My son used to go to a school for nice, intelligent, middle-class boys.

All approaching puberty.

One day we had one of those conversations that sons and dads have.

It was a similar situation to the one The Who sing about in “Pictures Of Lilly”.

So, I went into the office and asked Yvonne, my PA, if she could pop over to the newsagent.

I said I needed copies of Playboy, Men Only, Hustler, and anything else she could find on the top shelf.

Yvonne asked why I couldn’t go and get them myself.

It was a fair question.

The truth is our offices were in Soho.

And I didn’t want to join all the other blokes leafing through porn mags.

So Yvonne, being a good sport, eventually went and got them for me.

I took them home and gave them to my son.

I said, “Put these where Mum, Grandma, or Carol (the cleaning lady) can’t find them.”

And that was that.

I thought.

A month or so later I got a package in the post.

I opened it up and it was all the porn mags.

Plus a letter from my son’s headmaster.

It said, “One of our teachers saw a large crowd of boys in the playground, gathered around your son.

Upon approaching them he discovered your son was showing the boys the pictures in these magazines.

He asked your son where he acquired them and your son told him they were yours.

Magazines like these are not allowed in school, so we thought you might like to have them back.”

To get himself out of trouble, my own son’s grassed me up.

Now what happens on next parent’s day?

Every teacher will think I’ve got a massive stash of porn mags at home.

I avoided the embarrassment of buying the mags, but this is now much worse.

It’s the equivalent of the argument I always have with Gordon.

About whether we should show our ads to anyone else or not.

Gordon is an art director, so he doesn’t trust anyone.

He wouldn’t even show the ads to me if he had the choice.

He just wants to run the ads before anyone can interfere with them.

I feel the other way.

I want to show the ads to everyone before they run.

That way, if there are any problems, we’ll know about them.

And we can fix them.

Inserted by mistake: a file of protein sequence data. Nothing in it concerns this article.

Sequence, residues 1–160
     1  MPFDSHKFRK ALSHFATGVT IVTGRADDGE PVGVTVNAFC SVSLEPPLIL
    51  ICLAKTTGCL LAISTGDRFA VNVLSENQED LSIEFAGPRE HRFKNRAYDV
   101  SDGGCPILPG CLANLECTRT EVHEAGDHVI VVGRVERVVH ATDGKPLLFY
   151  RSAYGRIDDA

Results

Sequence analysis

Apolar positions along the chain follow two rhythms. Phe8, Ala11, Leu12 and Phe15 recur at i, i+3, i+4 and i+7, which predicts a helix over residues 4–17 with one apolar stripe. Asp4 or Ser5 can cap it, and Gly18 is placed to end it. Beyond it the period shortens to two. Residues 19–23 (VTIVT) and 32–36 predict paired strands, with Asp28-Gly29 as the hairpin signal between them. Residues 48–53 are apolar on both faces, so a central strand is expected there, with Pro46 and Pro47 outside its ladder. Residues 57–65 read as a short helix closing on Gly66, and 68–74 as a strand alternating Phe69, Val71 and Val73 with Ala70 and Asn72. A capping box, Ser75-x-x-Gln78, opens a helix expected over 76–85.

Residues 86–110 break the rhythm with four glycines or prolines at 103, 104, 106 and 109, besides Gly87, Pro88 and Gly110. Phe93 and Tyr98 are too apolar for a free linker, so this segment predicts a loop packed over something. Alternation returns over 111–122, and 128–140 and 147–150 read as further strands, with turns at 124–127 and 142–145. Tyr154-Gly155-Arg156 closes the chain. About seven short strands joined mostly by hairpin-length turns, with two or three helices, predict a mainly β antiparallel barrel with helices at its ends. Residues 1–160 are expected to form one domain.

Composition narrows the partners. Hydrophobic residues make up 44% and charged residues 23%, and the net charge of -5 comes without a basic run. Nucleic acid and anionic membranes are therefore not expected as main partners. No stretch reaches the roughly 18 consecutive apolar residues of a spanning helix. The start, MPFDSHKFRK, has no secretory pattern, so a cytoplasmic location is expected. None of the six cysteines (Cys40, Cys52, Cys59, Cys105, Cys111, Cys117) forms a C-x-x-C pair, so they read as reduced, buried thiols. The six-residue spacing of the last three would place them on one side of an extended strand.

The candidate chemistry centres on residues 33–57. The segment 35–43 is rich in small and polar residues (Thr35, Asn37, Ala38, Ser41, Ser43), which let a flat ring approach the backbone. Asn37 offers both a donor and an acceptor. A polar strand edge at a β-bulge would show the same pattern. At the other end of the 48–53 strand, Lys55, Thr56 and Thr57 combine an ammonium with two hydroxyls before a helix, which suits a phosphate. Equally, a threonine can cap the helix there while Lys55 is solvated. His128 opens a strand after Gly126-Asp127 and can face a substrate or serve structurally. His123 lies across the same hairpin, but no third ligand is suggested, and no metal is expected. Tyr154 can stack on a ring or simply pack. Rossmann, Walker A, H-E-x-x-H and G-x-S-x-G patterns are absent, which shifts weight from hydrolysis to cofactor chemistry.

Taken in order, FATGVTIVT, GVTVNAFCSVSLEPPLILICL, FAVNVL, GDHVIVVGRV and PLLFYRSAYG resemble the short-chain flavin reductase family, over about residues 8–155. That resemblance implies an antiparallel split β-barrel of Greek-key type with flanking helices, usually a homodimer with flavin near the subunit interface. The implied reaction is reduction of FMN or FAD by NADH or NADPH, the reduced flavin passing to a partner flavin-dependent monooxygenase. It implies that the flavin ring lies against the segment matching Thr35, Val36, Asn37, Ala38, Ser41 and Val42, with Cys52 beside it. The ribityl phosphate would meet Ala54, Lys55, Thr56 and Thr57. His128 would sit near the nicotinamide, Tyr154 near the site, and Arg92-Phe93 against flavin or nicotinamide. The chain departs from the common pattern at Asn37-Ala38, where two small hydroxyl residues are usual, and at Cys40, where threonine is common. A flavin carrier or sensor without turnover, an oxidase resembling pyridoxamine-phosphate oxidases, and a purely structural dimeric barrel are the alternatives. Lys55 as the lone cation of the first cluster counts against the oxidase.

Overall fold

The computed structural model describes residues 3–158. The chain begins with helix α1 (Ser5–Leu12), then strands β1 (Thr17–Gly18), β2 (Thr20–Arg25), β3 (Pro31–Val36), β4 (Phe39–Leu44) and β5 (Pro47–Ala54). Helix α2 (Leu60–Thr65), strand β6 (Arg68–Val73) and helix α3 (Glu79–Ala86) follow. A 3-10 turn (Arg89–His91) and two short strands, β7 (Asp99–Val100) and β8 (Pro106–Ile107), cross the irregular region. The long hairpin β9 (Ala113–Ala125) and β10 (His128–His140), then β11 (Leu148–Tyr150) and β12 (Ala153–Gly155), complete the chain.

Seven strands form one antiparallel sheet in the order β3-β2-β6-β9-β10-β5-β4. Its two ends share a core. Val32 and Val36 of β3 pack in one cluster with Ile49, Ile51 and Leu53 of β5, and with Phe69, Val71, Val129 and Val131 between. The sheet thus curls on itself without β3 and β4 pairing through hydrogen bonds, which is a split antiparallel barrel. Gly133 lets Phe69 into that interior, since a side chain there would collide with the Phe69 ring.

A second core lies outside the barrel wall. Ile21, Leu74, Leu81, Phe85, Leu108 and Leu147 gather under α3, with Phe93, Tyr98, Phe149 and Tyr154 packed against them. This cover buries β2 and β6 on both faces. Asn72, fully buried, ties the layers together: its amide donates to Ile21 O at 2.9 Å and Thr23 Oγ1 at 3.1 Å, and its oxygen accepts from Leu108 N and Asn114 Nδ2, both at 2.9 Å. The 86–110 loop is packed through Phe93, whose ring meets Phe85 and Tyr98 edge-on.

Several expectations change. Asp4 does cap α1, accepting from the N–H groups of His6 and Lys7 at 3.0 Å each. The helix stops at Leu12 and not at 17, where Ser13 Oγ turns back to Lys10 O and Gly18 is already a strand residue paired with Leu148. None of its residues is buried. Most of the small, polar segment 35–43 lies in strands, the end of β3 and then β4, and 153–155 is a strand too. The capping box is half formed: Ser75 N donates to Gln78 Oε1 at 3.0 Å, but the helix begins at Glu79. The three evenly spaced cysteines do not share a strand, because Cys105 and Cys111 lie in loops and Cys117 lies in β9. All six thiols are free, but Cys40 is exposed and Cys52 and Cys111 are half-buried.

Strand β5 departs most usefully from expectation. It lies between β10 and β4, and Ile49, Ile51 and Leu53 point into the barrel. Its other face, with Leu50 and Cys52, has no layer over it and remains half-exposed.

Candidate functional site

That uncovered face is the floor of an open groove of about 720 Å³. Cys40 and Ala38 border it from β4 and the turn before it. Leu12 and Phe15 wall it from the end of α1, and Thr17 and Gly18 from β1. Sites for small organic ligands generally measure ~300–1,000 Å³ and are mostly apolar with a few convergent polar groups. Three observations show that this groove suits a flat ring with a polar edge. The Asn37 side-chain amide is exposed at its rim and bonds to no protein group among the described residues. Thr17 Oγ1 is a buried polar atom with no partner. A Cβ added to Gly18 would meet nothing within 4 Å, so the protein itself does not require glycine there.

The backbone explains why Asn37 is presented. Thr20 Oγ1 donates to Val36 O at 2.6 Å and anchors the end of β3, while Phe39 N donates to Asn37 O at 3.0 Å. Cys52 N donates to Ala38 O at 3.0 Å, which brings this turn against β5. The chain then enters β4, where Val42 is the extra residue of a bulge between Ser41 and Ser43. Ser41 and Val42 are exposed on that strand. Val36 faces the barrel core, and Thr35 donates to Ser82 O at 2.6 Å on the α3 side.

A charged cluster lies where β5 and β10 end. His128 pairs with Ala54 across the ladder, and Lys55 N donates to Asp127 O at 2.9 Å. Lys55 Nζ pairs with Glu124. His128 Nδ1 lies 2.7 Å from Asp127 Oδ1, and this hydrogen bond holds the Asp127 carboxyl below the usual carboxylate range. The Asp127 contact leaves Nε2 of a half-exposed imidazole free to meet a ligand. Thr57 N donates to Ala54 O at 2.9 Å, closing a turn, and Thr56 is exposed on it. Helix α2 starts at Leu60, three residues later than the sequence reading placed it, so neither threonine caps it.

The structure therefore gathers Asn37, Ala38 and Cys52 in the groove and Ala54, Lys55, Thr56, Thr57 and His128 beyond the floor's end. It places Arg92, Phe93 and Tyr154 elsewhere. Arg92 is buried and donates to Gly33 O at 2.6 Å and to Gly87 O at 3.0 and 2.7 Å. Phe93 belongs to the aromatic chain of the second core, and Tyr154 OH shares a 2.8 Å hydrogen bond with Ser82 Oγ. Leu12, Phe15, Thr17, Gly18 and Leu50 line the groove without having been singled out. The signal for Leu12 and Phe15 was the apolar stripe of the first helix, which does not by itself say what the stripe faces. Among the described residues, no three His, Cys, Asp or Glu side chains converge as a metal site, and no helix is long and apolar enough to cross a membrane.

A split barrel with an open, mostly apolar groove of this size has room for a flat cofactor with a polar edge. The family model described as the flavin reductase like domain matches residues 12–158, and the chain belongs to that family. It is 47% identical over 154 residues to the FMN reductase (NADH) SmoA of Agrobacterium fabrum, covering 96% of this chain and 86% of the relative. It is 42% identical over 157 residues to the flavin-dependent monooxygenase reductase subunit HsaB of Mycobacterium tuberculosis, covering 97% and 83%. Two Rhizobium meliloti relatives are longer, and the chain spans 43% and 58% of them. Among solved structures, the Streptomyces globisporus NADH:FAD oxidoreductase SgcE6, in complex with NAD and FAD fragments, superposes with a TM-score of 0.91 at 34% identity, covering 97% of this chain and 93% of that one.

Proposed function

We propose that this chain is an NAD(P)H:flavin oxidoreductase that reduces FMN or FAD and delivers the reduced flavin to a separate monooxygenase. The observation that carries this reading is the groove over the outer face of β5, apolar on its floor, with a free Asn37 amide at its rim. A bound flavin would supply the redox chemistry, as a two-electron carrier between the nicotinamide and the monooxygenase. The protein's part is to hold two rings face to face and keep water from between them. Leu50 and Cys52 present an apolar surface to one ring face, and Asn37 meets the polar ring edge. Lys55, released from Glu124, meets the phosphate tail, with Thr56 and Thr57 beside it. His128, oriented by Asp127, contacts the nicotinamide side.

We can have all the arguments internally.

If there’s a mistake or problem, we’ll find out before the ad runs.

That’s got to be better than finding it’s wrong after the ad’s run, and everyone outside the agency has seen it.

Then it’s too late to do anything about it.

Then it really is embarrassing.

That’s why I think it makes sense to ask everyone else about your ads.

Literally everyone.

From the office cleaner upward.

With one proviso.

Everyone who doesn’t work on the account.

Planners, account men, production, studio, media, secretaries.

Anyone who doesn’t know the brief.

So they don’t know what the ad’s supposed to say.

They can judge it like the man, or woman, in the street.

They judge whether they’d stop and look at it, whether they’d remember it, whether it’s interesting.

The account man, or planner, who wrote the brief can’t judge that.

They’re too involved.

They know what the brief says, so they’re looking for that.

They’re not looking for impact, involvement, memorability.

So they can’t judge the ad from the consumer’s POV.

There’s another great thing about asking people who don’t work on the account what they think of your ads.

You don’t have to listen to them.

Unless you think they’re right.

You haven’t got that option with the people who work on the account.

If they’ve got an opinion they’re going to fight for it.

So I always ask people who don’t know the brief.

Then I can decide what to do.

I want that information, so I’ve got the option.

I’d much rather be embarrassed inside the agency than outside.